Endorsed by some of Japan’s top sushi masters, Sushi Takeru is the newest addition to the finest sushi experience Ginza can offer. For Takeru Watanabe, a former Kyubey apprentice, his approach is simply to focus on craftsmanship and quality. Like many of his dedicated gourmet fans, be blown away by the profound flavors of his sushi.
After receiving his training at Japan's top sushi bars, Takeru Watanabe proudly opened his restaurant in 2022 in the heart of Tokyo’s most sophisticated sushi district. Despite his young age, he comes with the best training a sushi apprentice could wish for, learning at Ginza Kyubey and Sushi Arai. At Sushi Arai, he was entrusted with the private room where he garnered many gourmet fans.
Located on the second floor of a Ginza 7-chome building, the restaurant has a warm and inviting feel, set with traditional mud walls and an arched ceiling. In fact, the interior itself is a reflection of Watanabe’s past achievements, made up of gifts from former colleagues, mentees and guests.
The beautiful L-shaped counter, made of yakusugi or Japanese cedar, was a gift from Yuichi Arai, the head chef of Sushi Arai. The stunning set of crockery and knives came from Sushi Ryujiro’s owner. Sushi Sugaya’s head chef gifted the fridge.
The beautiful calligraphy of the restaurant’s name, which takes a character from Watanabe’s father, was also a gift from a dedicated customer. You may also notice a row of shining Baccarat lucky cats, presents guests have left wishing for good fortunes.
Baton from the fisherman to his guests.
Watanabe crafts his sushi with a wish to offer his guests a deeply moving experience. He believes his mission is to pass on the baton from the fisherman to his guests.
“I want to make the fish even better,” he explains. “So they score 11 out of 10, not just 10 out of 10.”
Centered around the highest-quality fish, the omakase menu takes you through 8 small plates, 11 nigiris and a roll to finish. At a glance, the dishes may appear simple but you will realize the level of craftsmanship that goes into them with your first bite.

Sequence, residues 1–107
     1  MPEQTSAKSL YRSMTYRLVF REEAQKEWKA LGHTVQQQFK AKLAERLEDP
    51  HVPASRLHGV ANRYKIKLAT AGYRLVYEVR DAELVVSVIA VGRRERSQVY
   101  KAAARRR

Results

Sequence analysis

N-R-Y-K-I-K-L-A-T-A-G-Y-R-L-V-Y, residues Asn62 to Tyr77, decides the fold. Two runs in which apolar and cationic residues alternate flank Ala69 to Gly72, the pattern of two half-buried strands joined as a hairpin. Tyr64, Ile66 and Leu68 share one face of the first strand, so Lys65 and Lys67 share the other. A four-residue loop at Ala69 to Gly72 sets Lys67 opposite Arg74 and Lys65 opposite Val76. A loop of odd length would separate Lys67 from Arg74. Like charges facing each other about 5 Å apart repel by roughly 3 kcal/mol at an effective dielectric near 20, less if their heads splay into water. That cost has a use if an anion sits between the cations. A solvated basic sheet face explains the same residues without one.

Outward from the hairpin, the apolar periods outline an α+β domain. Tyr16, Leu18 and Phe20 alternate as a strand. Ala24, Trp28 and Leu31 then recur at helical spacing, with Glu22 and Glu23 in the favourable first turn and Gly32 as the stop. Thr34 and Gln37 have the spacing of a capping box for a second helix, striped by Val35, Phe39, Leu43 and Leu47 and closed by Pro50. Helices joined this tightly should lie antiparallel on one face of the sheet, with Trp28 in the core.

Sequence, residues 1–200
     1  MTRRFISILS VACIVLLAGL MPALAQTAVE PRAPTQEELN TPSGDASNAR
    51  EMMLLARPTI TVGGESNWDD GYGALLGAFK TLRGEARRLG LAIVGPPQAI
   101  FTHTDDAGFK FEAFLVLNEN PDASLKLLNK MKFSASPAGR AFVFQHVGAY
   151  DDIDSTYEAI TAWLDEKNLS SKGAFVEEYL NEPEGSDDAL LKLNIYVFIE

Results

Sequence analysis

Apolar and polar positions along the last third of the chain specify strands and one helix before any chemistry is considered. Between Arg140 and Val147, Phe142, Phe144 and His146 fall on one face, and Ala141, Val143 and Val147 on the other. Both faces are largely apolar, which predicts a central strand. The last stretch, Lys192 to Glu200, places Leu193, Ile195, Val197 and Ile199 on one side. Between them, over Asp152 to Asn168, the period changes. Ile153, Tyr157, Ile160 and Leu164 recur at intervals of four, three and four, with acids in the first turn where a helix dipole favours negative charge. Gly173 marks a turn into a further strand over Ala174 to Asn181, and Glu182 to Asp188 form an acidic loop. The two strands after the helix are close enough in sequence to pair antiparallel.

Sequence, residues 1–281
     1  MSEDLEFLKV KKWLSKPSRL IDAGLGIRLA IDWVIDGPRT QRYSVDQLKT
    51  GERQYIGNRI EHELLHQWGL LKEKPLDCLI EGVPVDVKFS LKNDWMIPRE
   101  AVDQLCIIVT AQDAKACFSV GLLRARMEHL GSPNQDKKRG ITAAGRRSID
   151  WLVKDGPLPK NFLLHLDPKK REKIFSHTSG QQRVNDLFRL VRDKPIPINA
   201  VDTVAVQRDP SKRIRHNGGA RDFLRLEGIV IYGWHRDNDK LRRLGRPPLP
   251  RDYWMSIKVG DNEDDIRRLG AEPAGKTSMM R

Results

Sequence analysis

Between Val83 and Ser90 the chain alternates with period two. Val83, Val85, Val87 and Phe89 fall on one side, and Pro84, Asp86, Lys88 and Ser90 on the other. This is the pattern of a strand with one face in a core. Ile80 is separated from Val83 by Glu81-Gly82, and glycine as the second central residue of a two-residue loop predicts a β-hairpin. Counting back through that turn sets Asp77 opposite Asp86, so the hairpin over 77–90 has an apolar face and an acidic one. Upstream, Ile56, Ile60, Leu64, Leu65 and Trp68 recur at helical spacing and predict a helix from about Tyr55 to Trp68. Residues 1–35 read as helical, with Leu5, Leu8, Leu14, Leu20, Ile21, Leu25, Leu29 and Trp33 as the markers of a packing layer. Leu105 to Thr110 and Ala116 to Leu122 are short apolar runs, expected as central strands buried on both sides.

The starting plate of the day is bite-size sashimi of botan shrimp and red sea bream. The gem-like piece of shrimp is sweet and moist, frozen for a day to bring out its flavor. The sea bream is sprinkled with salt and left to rest for half a day.
Slices of bonito are served with a flavorful mix of condiments. The mountain wasabi, leek, and bonito flakes add layers of different flavors. Adding a hint of green onions to the soy sauce is the secret ingredient.
The rich and creamy monkfish liver is perfectly flavored, using the technique he learned at Sushi Arai. The watermelon narazuke pickle on the side is a refreshing bite.
The chef cares deeply about the sushi rice or shari. Using a variety grown in his home region of Aizu, he flavors the grains with a blend of three vinegars, while making sure that the red vinegar doesn’t overpower. The rice has a lovely mild finish. Be mesmerized watching Watanabe put together a piece of nigiri in his big yet delicate hands. His sushi is round and small in shape, perfectly sized for a mouthful of pleasure. For the nikiri or brush-on soy sauce, he mixes Higeta soy sauce, tamari, sake and mirin.
The multiple courses of tuna each offer a unique and delicious experience. Taken from the same 150kg bluefin tuna caught off the coast of Shimoda, Watanabe first serves the akami followed by chutoro fatty tuna from the back and sunazuri otoro from the belly.
The glistening piece of gizzard shad offers a sharper flavor. The chef prepares the fish carefully so it’s not over fermented, with just the right finish. Conger eel is cooked to perfection - soft and fluffy. The thick and sticky tsume sauce, made from the eel’s dashi, slowly melts with the warmth of the cooked fish. To complement the variety of flavors, Watanabe stocks a selection of local sake, including vintages such as Sharaku and Hiroki from his home of Fukushima.
Every ingredient is carefully selected from the best sources across Japan. The rice comes from the aged koshihikari variety grown in Aizu, Fukushima Prefecture. The fish comes straight from the best vendors at Toyosu market thanks to all the relationships he’s built over the years. The top-of-the-line tuna is sourced by the Yamayuki group. The vinegar mixes three varieties made by Yokoi Vinegar, while the fresh wasabi comes from Gotemba in Shizuoka Prefecture.
The pieces of impressive calligraphy that hang on the walls are gifts from Toru Kenjo, president of publisher Gentosha, who is also famous for his culinary obsession. Kenjo used to visit Watanabe every month during the seven years he worked at Sushi Arai, and greatly favored the young chef for his talent.
When he heard that Watanabe was preparing to open his own restaurant, he came up with this prose, and had the calligrapher, Sekijo Kaneda, write them down as a gift. “My life is up in heaven; my heart is in Takeru’s sushi.” Kenjo was of course among the guests on the opening night of Sushi Takeru. Watanabe continues to cherish and grow from the warm and dedicated support of his mentors.
- The price includes our booking fee of ￥8,000
- The price includes our booking fee of ￥8,000